Thu, 13 Aug 2020

Thulani Nteta was part of the first Sharks Academy intake in the early 2000's, a class that included Clyde Rathbone, Tim Dlulane and Steven Sykes.While still a player, Nteta transitioned seamlessly from being a halfback into athletic performance coaching, where he's thrived.The curtailed 2020 Super Rugby season was evidence of how pristine fitness helped the table-topping Sharks play some of the best rugby.

One of the Sharks' best kept secrets to their successful start to this year's Super Rugby campaign was conditioning coach Thulani Nteta, an instrumental cog in their chart-topping exploits.

He was seen spotting a "salt and pepper" bearded look, eyes often peeping from beneath a Sharks cap, on the touchline of Sharks games studying the players' movements.

Before Covid-19 dealt a hammer blow to the season, the Sharks moved like Jagger, playing a sumptuous and winning rugby brand that made them the talk of the town.

Nteta was instrumental in getting the players - some of whom had returned from Japan where the Springboks held the World Cup aloft - in lean condition ahead of the new season.

If they were to entertain, hustle for 80 minutes on defence and finish with the killer instinct they did, they needed to be in preening shape. And they were.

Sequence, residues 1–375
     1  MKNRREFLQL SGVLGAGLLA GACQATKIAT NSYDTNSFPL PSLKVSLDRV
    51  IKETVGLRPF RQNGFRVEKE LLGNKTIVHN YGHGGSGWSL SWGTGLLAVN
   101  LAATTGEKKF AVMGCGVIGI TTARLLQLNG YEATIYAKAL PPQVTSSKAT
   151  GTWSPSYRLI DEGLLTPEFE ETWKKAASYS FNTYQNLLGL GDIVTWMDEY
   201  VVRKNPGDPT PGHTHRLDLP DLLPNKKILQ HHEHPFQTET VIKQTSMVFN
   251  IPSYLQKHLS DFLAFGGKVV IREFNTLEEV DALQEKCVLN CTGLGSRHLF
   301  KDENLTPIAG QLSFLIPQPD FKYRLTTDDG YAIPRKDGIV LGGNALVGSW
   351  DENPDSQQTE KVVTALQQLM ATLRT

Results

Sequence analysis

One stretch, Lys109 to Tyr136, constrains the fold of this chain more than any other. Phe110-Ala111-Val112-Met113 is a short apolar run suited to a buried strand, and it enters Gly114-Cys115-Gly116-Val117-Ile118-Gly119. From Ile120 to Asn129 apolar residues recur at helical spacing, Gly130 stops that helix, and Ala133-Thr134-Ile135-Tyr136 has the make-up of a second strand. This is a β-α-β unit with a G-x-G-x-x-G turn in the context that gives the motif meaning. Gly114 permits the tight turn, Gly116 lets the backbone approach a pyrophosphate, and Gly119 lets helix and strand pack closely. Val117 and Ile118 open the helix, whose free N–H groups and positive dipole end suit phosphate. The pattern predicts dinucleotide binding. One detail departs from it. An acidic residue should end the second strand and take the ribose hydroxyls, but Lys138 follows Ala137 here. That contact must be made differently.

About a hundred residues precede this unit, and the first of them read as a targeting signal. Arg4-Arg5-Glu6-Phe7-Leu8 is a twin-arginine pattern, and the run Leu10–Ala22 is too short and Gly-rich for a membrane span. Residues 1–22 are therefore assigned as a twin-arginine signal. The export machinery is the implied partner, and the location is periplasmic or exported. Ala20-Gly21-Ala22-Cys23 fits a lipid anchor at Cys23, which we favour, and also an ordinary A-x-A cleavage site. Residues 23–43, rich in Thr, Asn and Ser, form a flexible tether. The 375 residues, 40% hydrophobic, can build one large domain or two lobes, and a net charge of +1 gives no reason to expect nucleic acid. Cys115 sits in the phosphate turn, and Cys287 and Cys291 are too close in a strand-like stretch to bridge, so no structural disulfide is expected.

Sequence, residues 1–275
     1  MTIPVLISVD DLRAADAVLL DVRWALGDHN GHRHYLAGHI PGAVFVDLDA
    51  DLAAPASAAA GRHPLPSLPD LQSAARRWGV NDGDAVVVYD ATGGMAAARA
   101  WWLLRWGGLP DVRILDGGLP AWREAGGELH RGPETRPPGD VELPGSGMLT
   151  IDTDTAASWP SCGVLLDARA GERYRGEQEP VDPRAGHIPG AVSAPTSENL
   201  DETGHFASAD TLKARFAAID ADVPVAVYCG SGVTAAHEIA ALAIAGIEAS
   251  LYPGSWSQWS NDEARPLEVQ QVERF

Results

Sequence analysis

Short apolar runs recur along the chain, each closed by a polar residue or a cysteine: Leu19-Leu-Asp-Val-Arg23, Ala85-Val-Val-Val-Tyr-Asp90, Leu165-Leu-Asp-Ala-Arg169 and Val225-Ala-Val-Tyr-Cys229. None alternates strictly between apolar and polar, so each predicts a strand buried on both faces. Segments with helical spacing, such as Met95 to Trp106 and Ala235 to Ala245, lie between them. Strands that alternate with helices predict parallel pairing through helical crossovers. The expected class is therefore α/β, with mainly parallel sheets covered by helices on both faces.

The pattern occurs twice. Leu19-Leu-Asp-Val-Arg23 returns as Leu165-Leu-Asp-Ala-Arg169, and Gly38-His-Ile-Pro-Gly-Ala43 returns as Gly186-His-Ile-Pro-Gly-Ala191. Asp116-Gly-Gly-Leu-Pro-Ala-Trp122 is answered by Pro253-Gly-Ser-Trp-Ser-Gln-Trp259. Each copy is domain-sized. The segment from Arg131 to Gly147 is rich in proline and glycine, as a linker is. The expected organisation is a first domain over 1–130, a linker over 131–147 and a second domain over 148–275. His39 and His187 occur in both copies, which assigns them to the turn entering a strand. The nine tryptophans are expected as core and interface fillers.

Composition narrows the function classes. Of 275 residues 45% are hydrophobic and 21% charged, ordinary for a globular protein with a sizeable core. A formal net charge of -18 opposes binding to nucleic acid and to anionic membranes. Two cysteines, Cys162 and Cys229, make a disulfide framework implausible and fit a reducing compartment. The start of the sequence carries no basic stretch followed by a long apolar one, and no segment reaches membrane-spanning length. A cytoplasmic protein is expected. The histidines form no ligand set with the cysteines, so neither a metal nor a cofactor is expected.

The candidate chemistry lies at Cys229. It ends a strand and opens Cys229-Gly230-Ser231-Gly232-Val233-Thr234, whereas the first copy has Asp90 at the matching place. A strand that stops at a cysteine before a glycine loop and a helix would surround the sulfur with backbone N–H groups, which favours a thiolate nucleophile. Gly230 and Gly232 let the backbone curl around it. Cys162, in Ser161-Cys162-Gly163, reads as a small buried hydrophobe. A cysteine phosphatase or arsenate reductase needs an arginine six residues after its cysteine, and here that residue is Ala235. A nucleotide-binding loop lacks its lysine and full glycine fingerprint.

"I was on the sideline with [Makazole] Mapimpi in the Reds game and I was very impressed with how Sikhumbuzo [Notshe], at that time in the game, was able to be aware of the situation happening in front of him and make a linebreak," says Nteta, referencing a 74th-minute midfield break by Notshe that set up Madosh Tambwe's try in round six's 33-23 win in Brisbane.

"We went and scored from it and to be able to have that agility, that awareness, and still have the speed to break through the defence and finish it all off with a good pass, that's what we strive to achieve.

"That's the Sharks way. Those double and triple efforts and getting exciting rugby going. That, for me, was a sign of a guy who put in the work in pre-season and he was seeing the benefits and rewards of that."

Nteta is a unique kind of conditioning coach; one that understands what it's like to be a Sharks player and the demands of being part of an elite management team.

The former Glenwood High School prodigy was one of the first kids brought into the Sharks Academy in the early 2000's alongside Wallaby Clyde Rathbone, Springbok Tim Dlulane and second-rower Steven Sykes.

Nteta dovetailed between scrumhalf and flyhalf and the early exposure into the burgeoning true professional side of rugby at the academy influenced him in a way beyond the playing field.

"We were the first intake of the Sharks Academy in 2002, after it ceased being the South African Institute of Rugby," he says.

"That was Tim Dlulane and Clyde Rathbone's year. I came as a short scrumhalf, who could play flyhalf from Glenwood.

"It was all about the excitement of being at the stadium and having your classes, meals and rugby sessions here in one place.